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The Mill on the Floss

George Eliot

Book Seventh, Chapters IV, V, and VI

Book Seventh, Chapters I, II, and III

Book Seventh, Chapters IV, V, and VI, page 2

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Summary

Chapter IV

Dr. Kenn becomes more and more frustrated at the unwillingness of the women of St. Ogg's to employ Maggie. He decides to offer her a job as governess for his children. The town soon begins to talk of Maggie's power over Dr. Kenn and the horrid possibility of their marrying. The Miss Guests report the connection between Maggie and Dr. Kenn in a letter to Stephen. They also ask Stephen to join them on the coast, where they will be taking Lucy to rest.

Lucy has been gradually recovering. Maggie longs to see her but knows it would cause Lucy too much agitation, even if she were allowed. Maggie despairs upon hearing that Lucy will soon leave for the coast.

One evening, Maggie hears someone come in the house. She feels a hand on her shoulder and hears Lucy's voice call her name. Lucy has snuck away from her home to see Maggie and forgive her. Maggie repents and explains that she never meant to deceive Lucy. Lucy comforts Maggie, acknowledging that they have all suffered. Maggie asks Lucy to forgive Stephen as well, but Lucy trembles and is silent. Lucy's maid, Alice, interrupts, to urge Lucy to hurry. Lucy hugs Maggie and tells Maggie, "you are better than I am," before leaving.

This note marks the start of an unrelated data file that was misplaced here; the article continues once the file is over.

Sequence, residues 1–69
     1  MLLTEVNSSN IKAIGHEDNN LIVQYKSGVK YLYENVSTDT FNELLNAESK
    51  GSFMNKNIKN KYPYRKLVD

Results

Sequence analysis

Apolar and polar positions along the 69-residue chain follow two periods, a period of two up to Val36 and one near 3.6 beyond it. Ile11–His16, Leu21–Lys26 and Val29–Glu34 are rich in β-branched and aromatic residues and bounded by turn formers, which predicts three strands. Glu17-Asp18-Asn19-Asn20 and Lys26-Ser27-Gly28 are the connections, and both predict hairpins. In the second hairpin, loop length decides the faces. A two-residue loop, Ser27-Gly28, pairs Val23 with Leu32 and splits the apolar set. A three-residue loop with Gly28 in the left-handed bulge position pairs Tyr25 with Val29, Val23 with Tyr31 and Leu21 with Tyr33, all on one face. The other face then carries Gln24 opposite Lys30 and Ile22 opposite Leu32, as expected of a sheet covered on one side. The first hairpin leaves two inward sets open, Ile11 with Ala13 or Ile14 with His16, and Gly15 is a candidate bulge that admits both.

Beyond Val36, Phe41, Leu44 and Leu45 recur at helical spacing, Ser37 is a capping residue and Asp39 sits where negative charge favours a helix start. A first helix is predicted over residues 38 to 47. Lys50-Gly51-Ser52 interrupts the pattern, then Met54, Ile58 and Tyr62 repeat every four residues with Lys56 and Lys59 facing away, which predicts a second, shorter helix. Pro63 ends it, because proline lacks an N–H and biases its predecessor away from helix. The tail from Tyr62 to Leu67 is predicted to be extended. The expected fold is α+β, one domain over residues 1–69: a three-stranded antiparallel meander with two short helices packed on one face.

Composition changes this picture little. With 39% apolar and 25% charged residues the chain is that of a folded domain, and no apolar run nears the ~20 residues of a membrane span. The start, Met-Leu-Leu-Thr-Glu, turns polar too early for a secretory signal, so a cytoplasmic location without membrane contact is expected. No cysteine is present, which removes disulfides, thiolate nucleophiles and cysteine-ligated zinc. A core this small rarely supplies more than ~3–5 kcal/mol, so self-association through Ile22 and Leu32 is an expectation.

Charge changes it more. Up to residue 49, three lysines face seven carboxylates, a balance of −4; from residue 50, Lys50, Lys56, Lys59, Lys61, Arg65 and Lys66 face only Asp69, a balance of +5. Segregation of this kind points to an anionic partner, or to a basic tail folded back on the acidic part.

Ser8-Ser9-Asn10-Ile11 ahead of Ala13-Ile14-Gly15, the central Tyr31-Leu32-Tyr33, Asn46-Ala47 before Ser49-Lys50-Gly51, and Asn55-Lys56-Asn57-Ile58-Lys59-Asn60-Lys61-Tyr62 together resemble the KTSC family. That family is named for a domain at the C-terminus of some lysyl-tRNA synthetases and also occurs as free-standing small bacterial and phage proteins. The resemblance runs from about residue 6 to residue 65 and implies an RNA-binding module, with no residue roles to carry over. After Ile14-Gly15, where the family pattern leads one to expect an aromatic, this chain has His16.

Chapter V

The day after Lucy's visit the weather changed in St. Ogg's and rain has fallen continuously, making the Floss dangerous, especially for nearby houses such as the Jakins'.

It is September, and Maggie sits, the last one still awake in the house, with a letter from Stephen in front of her. Two days prior, Dr. Kenn, finally overcome by the slanderous gossip about him and Maggie, asked Maggie to leave St. Ogg's for a while. Maggie trembles at the thought of the loneliness she will face, having left St. Ogg's.

Stephen's letter reports that he is back from Holland and is in Mudport, unbeknownst to anyone else. He reproaches her for her cruelty to him. He stresses the severity of his suffering since their parting and begs her to ask him to come to her. Maggie is tempted to accept this escape from her loneliness and exile. But soon she remembers her feelings upon having read Philip's letter and upon having met with Lucy and begins to pray. She cries out for Stephen to forgive her, saying of his suffering, "It will pass away. You will come back to her." She then burns the letter and resolves to write him a letter of final parting tomorrow.

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